Upper Seymour River Provincial Park
About This Park
Upper Seymour River Provincial Park takes in the headwaters of the Seymour River, which forms the major drainage system into the Seymour Arm of Shuswap Lake. The 10,672 hectare park has provincially significant conservation values associated with representation of a wide mountain valley within the northern Columbia Mountains, with steep mountain slopes enclosing old-growth interior wet-belt forests and extensive river and wetland environments.
The Upper Seymour Valley has a long elevational range of forest types from lower Interior Cedar-Hemlock forests, through Sub-alpine Fir - Engelmann Spruce forests to alpine habitats, with much of the forested stands in old growth condition. The extensive wetlands, slide-paths and forests are important habitats for grizzly and Mountain Caribou.
The lower park section is narrow and bound by forest harvesting roads and extensive cutblocks. The upper portion is in pristine wilderness, with no apparent sign of human use. The high glaciers and alpine tundra at the north end of the park are used for heli based tourism activities: skiing, touring, mountaineering, fishing and hiking.
Park Size: 10,672 hectares
Location and Maps
The park is accessed by 40 kilometres of generally good two-wheel drive gravel roads from the community of Seymour Arm, which in turn is a 40 kilometre drive on gravel surface from the end of the paved road on the north shore of Shuswap Lake. Seymour Arm can also be accessed during the summer by a small car ferry.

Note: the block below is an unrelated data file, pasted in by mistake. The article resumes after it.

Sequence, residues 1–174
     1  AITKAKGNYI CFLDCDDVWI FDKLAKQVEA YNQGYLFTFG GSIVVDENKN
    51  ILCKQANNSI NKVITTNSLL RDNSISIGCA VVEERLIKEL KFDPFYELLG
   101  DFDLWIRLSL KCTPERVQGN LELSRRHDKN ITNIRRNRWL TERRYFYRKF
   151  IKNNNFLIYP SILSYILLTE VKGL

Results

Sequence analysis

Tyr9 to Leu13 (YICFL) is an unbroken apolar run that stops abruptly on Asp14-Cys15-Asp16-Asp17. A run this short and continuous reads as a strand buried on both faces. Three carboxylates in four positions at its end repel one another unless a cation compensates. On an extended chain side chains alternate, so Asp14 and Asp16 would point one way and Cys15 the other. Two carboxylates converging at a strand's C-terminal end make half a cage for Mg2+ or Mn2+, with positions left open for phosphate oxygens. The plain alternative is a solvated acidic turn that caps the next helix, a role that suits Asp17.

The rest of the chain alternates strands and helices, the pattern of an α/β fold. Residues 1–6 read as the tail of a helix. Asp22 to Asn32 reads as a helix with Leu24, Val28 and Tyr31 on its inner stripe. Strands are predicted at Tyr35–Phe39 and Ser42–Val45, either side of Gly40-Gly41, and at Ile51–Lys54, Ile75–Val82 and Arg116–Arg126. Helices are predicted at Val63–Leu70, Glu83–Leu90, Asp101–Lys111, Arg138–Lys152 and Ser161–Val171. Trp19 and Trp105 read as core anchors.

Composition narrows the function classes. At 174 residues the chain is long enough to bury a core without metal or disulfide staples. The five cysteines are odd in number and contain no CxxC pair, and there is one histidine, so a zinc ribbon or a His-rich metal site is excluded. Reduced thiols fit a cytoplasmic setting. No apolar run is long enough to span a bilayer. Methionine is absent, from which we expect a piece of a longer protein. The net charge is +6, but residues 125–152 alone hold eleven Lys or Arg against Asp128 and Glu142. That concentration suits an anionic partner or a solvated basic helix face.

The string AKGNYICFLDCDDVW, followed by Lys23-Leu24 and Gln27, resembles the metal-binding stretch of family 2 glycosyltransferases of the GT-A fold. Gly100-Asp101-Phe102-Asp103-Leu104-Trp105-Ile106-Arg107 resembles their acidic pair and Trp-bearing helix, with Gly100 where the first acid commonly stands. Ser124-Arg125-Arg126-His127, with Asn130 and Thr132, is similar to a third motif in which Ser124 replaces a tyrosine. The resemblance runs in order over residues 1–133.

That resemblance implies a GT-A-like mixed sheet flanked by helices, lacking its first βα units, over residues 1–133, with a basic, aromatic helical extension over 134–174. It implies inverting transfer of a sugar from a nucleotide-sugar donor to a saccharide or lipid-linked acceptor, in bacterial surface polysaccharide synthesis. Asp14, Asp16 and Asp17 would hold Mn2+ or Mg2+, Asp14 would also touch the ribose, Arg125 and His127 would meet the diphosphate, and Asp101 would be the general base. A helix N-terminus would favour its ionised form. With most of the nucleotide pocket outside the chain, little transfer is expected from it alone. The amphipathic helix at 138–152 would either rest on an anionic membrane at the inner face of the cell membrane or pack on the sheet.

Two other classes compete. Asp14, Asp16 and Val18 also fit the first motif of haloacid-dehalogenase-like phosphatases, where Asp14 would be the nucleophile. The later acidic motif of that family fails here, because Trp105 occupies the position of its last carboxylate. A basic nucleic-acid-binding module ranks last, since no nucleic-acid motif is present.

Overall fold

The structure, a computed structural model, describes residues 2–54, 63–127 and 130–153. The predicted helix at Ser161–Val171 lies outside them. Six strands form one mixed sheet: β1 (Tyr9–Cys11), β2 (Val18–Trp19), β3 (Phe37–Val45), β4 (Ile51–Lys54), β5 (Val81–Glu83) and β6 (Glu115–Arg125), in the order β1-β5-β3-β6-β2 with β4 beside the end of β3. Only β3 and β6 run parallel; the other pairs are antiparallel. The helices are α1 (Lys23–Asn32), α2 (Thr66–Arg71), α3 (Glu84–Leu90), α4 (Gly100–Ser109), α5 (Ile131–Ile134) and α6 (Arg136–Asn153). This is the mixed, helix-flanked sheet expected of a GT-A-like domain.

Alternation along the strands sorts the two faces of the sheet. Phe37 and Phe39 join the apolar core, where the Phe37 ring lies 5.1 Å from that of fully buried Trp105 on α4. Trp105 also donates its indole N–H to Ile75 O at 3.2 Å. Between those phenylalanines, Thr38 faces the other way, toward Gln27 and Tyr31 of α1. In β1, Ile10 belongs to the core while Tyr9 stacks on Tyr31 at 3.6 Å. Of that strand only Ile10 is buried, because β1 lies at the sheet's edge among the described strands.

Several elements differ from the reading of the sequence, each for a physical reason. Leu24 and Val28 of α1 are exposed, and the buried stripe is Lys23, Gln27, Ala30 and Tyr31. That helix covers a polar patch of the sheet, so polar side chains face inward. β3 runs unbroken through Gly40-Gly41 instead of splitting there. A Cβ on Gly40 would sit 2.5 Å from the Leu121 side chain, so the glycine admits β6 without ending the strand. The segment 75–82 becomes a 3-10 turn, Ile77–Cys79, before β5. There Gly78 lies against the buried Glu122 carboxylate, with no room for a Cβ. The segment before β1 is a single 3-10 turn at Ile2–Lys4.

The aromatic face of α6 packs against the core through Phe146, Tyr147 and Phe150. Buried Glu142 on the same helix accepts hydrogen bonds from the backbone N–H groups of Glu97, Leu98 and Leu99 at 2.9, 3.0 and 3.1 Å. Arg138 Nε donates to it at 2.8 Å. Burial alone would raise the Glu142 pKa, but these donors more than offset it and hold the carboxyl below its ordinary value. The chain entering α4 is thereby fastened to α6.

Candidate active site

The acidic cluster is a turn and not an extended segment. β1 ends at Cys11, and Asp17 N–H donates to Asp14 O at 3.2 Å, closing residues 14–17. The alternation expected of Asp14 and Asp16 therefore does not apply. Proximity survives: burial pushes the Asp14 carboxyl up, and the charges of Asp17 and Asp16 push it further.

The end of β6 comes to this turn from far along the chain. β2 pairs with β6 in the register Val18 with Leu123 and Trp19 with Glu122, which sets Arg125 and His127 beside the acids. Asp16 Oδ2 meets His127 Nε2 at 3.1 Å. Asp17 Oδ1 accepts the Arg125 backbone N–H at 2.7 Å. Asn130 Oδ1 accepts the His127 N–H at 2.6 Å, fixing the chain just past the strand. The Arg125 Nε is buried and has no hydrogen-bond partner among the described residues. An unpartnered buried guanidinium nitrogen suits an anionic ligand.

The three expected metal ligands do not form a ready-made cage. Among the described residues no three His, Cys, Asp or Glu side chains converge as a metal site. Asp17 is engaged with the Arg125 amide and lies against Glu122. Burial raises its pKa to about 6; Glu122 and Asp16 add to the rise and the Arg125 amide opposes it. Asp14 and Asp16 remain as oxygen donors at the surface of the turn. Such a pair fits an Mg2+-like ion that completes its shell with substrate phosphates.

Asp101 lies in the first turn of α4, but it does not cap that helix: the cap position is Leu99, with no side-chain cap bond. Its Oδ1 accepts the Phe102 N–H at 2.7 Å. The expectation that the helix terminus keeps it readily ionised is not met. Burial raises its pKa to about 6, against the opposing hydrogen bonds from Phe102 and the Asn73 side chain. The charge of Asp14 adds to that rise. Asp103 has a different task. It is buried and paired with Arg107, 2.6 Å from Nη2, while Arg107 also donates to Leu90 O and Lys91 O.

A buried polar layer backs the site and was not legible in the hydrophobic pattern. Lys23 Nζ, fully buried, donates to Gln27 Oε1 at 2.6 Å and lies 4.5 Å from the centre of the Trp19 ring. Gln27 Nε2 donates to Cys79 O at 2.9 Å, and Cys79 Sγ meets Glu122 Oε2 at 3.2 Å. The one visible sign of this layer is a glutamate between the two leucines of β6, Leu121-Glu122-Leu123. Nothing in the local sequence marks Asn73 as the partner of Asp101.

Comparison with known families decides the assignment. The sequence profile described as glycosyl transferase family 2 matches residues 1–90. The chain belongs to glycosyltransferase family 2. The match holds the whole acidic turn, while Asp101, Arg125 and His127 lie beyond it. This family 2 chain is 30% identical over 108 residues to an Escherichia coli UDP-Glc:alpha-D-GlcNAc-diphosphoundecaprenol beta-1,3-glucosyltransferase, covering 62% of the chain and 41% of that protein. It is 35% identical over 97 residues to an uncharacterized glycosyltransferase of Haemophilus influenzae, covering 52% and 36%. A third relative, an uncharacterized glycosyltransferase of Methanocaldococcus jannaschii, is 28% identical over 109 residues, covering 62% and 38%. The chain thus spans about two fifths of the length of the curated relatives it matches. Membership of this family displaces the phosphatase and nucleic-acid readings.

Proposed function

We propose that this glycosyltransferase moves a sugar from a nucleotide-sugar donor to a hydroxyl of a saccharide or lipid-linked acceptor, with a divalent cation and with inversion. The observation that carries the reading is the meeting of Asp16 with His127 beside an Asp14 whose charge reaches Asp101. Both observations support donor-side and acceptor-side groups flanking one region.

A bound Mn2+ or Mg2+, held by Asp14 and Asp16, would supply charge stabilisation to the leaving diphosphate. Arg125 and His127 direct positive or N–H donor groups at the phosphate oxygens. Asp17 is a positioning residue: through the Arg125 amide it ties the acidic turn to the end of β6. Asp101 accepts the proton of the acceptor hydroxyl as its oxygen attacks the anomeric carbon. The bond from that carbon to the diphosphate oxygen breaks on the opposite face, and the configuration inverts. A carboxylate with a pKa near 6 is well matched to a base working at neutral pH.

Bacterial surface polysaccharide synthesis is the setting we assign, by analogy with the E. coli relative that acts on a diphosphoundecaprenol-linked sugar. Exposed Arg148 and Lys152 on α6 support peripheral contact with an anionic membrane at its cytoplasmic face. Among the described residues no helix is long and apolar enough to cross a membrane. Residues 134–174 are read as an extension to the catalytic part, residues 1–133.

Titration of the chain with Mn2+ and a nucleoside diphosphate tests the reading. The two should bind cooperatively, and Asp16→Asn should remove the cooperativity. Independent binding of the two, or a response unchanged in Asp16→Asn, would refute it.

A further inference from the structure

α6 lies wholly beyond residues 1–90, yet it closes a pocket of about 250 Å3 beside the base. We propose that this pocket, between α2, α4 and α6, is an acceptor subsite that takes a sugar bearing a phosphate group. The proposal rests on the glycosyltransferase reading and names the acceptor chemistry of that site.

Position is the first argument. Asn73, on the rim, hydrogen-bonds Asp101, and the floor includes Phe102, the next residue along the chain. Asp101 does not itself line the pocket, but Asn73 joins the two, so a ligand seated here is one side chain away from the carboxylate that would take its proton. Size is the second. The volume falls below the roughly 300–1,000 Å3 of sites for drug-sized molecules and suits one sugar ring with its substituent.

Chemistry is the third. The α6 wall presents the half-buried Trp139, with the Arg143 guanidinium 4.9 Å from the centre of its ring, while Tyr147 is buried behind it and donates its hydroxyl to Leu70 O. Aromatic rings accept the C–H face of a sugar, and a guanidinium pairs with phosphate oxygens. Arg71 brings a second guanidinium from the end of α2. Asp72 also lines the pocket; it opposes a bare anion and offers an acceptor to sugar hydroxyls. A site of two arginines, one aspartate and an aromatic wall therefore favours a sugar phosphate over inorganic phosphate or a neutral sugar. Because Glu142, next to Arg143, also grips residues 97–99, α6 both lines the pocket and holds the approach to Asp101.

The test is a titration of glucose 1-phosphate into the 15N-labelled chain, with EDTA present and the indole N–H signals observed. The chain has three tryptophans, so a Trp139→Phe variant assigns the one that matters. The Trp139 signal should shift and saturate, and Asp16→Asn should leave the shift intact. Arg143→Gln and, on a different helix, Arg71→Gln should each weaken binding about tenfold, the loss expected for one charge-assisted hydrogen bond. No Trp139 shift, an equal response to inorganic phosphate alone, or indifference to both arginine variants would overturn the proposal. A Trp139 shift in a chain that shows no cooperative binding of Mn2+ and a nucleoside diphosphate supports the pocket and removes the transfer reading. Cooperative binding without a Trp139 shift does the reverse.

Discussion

Nature and Culture
- History - This protected area was recommended through the Okanagan-Shuswap LRMP (Land and Resource Management Plan) process and formally established as a Class A Park on April 18th, 2001, through Order-in Council under the Protected Areas of British Columbia Act.
- Conservation - The 10, 672 hectare park has provincially
significant conservation values associated with representation of
a wide mountain valley within the northern Columbia Mountains with
steep mountain slopes enclosing old-growth interior we-belt forests and
extensive river. The very lower end of the park is in the Shuswap Highlands
There is a large mountain valley, extending from low river floodplain at 600 meters elevation to steep narrow headwaters that culminate at Seymour Pass at an elevation of 1200 meters. The valley sides are steep with numerous avalanche paths and streams leading from high mountain ridges and basins. The lower floodplain ecosystem is highly complex with river riparian and oxbows forming extensive wetlands of shallow ponds, marshes, wet meadows, fens and shrub carr habitats.
- Wildlife - The park has extensive spring habitats for grizzly bear and seasonal habitats for mountain caribou. Mule deer and moose also inhabit the park. A small number of swans can be seen in ponds along the river during the summer. The river has native stocks of rainbow trout, and possibly bull trout.
Activities Available at this Park
For your own safety and the preservation of the park, obey posted signs and keep to designated trails. Shortcutting trails destroys plant life and soil structure. There are no developed trails at this park.